Campaign Insights

Both top-down(3) and bottom-up(4) estimates of methane emissions from oil and gas operations in the Barnett Shale region were higher than the emissions expected from the U.S. Environmental Protection Agency Greenhouse Gas Inventory (GHGI). The bottom-up estimate for oil and gas is ∼1.5 times higher than expected based on the GHGI.(4) The magnitude of the difference is consistent with the factor of 1.25–1.75 noted for all U.S. methane sources in Brandt et al.(1) The main reason the bottom-up inventory exceeds the GHGI-based estimate is the inclusion of many more gathering compressor stations, whose emissions are comparable to mainline transmission compressor stations. Future inventories need to carefully account for these facilities. A higher emission factor for oil and gas production sites was the second largest contributor to the difference.

Top-down Emission Estimates

Karion et al.(3) and Smith et al.(5) quantify methane and ethane emissions from all contributing sources in the Barnett region using an aircraft-based mass balance technique. Karion et al. report total regional methane emissions, based on the average of eight flights, are 76 ± 13 Mg CH4 hr–1. Smith et al. provide ethane-to-methane correlations used to estimate that 71–85% of observed methane emissions in the region originated from fossil-based sources (primarily natural gas and oil operations) with the balance coming from biogenic sources (e.g., landfills).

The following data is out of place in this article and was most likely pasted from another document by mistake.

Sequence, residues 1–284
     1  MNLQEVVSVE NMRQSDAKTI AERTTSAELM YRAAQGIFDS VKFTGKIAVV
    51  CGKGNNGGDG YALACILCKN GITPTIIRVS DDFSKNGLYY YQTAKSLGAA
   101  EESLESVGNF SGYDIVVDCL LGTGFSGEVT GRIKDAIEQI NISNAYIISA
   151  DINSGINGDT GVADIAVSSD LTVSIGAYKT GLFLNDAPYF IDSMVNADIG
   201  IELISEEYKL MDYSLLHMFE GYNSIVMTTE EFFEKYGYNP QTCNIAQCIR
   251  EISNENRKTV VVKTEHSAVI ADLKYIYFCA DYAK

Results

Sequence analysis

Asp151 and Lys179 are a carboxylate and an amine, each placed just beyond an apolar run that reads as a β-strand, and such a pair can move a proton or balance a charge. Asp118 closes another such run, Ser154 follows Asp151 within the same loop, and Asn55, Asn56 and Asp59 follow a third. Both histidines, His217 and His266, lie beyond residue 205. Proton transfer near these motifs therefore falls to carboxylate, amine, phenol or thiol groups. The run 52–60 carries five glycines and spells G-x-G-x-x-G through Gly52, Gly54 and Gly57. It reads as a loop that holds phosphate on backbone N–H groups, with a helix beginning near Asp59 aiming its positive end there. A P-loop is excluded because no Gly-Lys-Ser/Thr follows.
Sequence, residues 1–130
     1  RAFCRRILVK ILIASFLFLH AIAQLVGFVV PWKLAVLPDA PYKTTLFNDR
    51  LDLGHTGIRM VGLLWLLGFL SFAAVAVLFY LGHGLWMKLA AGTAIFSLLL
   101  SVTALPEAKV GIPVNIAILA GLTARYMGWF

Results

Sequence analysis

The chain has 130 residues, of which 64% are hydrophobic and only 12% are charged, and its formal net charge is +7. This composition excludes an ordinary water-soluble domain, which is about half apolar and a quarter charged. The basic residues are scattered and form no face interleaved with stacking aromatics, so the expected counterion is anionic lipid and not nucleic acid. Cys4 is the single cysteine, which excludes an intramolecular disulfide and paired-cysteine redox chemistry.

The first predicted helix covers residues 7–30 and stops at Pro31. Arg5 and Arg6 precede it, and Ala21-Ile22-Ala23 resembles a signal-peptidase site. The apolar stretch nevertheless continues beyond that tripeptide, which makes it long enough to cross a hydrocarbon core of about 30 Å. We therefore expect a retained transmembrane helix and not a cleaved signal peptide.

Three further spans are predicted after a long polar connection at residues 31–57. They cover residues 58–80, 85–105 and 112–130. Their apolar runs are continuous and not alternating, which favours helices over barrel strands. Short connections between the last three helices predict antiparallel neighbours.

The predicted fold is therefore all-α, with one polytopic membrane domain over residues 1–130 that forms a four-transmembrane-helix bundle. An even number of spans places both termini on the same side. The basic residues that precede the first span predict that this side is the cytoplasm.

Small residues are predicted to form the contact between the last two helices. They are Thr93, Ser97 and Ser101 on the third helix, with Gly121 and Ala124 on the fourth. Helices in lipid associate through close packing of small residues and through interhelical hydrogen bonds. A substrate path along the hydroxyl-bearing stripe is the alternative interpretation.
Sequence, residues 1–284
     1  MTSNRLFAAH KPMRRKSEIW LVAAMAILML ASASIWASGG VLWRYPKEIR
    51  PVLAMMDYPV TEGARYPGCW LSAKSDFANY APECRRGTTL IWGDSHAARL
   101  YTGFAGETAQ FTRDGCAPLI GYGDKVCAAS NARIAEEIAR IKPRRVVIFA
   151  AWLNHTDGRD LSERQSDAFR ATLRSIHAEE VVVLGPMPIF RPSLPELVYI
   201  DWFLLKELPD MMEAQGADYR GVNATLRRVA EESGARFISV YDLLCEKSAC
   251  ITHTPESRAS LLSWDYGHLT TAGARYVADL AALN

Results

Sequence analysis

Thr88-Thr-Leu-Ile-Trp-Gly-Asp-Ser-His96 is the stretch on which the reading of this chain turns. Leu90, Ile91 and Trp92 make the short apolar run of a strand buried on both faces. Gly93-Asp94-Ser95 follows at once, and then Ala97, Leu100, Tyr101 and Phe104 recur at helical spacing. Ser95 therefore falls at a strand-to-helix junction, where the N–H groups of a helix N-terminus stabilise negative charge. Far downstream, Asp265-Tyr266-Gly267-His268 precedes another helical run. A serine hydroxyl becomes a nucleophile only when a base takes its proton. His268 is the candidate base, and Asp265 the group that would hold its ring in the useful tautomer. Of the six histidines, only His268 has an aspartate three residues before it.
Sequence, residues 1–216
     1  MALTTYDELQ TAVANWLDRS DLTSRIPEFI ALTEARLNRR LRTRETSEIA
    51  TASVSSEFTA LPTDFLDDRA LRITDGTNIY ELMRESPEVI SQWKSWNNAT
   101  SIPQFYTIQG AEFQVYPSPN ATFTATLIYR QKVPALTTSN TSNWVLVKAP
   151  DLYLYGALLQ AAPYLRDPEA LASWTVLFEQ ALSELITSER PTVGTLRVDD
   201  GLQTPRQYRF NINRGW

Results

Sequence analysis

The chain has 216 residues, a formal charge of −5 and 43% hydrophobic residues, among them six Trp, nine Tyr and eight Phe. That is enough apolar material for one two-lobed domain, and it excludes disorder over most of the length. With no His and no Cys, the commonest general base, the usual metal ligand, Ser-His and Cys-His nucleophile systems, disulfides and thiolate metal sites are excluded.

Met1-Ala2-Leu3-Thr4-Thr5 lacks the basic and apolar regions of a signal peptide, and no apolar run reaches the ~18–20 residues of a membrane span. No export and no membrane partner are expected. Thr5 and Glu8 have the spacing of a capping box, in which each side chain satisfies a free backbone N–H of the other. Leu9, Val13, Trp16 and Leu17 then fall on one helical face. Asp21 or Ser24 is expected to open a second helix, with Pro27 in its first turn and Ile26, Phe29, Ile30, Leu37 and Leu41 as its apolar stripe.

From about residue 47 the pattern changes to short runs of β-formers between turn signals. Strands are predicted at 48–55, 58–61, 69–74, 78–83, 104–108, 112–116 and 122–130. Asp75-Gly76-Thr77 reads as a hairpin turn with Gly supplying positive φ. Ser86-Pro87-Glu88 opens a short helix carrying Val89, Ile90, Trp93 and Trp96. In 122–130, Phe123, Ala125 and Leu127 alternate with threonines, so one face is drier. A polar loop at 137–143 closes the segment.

Facility-Specific Measurements

Additional airborne and ground-based studies quantify methane emissions from individual sources, generating data sets relating to emission distributions across the regional natural gas supply chain and the prevalence of large but relatively rare superemitters. Lavoie et al.(6) use an airborne mass balance method to estimate emissions from eight high-emitting landfills and natural gas facilities; they highlight the contribution of large, rare sources characteristic of the fat-tail of emission distributions in the Barnett region (combined emissions from these eight sources were 10% of Karion et al.’s total methane estimate). Using a laser-based methane sensor mounted on a model aircraft, Nathan et al.(7) report that temporal variability (on time scales of hours to days) in one compressor station’s emissions approached 2 orders of magnitude.

Several ground-based teams quantify emissions using measurements made with varying proximity to sources, ranging from direct on-site measurements of individual oil and gas components to downwind sampling at scales ranging from 25–5000 m. Johnson et al.(8) report emissions from five natural gas compressor stations and storage facilities based on comprehensive facility audits using direct source detection and quantification methods.